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Hoffmann, R. A wiki for the life sciences where authorship matters. Nature Genetics (2008)
 
 
 
 
 

Induction of major heat-shock proteins of Saccharomyces cerevisiae, including plasma membrane Hsp30, by ethanol levels above a critical threshold.

Many of the changes induced in yeast by sublethal yet stressful amounts of ethanol are the same as those resulting from sublethal heat stress. They include an inhibition of fermentation, increased induction of petites and stimulation of plasma membrane ATPase activity. Ethanol, at concentrations (4-10%, v/v) that affect growth and fermentation rates, is also a potent inducer of heat-shock proteins including those members of the Hsp70 protein family induced by heat shock. This induction occurs above a threshold level of about 4% ethanol, although different heat-shock proteins and heat-shock gene promoters are optimally induced at different higher ethanol levels. In addition ethanol (6-8%) causes the same two major changes to integral plasma-membrane protein composition that result from a sublethal heat stress, reduction in levels of the plasma membrane ATPase protein and acquisition of the plasma membrane heat-shock protein Hsp30.[1]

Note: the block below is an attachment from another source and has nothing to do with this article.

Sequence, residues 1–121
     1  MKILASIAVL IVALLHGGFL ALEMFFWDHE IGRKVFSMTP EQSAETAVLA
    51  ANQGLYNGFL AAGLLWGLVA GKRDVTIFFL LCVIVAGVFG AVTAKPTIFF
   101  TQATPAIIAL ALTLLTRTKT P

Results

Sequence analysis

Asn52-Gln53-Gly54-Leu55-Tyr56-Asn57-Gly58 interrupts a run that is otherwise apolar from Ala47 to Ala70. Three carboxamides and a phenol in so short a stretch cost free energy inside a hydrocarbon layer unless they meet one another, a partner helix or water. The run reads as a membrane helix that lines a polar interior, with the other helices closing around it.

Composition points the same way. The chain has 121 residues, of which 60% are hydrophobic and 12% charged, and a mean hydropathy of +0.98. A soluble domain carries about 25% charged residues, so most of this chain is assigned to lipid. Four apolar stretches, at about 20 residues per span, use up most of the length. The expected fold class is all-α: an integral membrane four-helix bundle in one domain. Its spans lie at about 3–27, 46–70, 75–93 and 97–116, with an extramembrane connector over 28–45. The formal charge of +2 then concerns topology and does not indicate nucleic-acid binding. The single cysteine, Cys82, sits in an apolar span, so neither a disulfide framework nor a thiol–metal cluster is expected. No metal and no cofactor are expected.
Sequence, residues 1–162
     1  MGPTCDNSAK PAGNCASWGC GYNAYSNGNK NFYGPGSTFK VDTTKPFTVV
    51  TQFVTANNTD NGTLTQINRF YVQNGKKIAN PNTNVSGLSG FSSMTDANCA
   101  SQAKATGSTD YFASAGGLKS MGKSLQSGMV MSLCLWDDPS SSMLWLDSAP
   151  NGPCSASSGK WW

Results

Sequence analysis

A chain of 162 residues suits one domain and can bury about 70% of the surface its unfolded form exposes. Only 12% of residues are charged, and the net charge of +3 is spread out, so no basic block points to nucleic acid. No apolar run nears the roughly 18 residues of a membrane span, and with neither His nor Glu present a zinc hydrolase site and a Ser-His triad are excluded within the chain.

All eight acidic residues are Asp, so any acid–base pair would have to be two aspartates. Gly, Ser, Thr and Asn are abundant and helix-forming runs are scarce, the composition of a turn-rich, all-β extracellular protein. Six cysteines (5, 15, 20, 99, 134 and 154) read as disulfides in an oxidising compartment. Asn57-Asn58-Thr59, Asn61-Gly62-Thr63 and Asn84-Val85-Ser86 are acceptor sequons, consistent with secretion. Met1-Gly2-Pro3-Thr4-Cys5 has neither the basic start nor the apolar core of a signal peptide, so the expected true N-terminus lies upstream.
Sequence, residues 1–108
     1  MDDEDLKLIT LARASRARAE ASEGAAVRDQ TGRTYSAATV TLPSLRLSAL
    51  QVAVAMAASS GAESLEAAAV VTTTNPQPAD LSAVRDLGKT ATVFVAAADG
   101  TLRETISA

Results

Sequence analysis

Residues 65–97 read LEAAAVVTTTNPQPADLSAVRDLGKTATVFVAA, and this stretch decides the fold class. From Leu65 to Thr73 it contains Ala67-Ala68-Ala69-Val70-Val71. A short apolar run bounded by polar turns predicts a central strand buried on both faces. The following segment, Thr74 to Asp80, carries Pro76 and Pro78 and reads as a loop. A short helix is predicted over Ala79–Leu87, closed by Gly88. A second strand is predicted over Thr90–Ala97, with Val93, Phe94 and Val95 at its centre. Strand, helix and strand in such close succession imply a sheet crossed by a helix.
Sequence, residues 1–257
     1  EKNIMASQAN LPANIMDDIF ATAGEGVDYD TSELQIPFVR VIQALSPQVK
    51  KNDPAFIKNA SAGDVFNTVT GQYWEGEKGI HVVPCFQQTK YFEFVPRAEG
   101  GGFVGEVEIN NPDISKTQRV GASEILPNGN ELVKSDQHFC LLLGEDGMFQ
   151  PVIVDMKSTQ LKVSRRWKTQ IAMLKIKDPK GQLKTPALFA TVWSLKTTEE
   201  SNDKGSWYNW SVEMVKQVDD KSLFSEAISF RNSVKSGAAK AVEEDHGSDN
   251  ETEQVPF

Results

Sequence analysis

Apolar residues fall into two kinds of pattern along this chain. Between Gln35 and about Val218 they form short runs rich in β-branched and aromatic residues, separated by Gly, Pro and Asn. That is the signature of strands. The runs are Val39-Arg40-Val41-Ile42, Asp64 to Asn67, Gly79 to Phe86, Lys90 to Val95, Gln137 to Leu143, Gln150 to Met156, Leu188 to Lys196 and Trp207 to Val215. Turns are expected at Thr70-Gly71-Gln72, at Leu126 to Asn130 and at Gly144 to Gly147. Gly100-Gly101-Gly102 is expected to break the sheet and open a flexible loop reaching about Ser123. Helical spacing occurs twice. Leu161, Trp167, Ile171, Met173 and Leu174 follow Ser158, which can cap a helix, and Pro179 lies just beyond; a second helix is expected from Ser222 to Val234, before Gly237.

References

  1. Induction of major heat-shock proteins of Saccharomyces cerevisiae, including plasma membrane Hsp30, by ethanol levels above a critical threshold. Piper, P.W., Talreja, K., Panaretou, B., Moradas-Ferreira, P., Byrne, K., Praekelt, U.M., Meacock, P., Récnacq, M., Boucherie, H. Microbiology (Reading, Engl.) (1994) [Pubmed]
 
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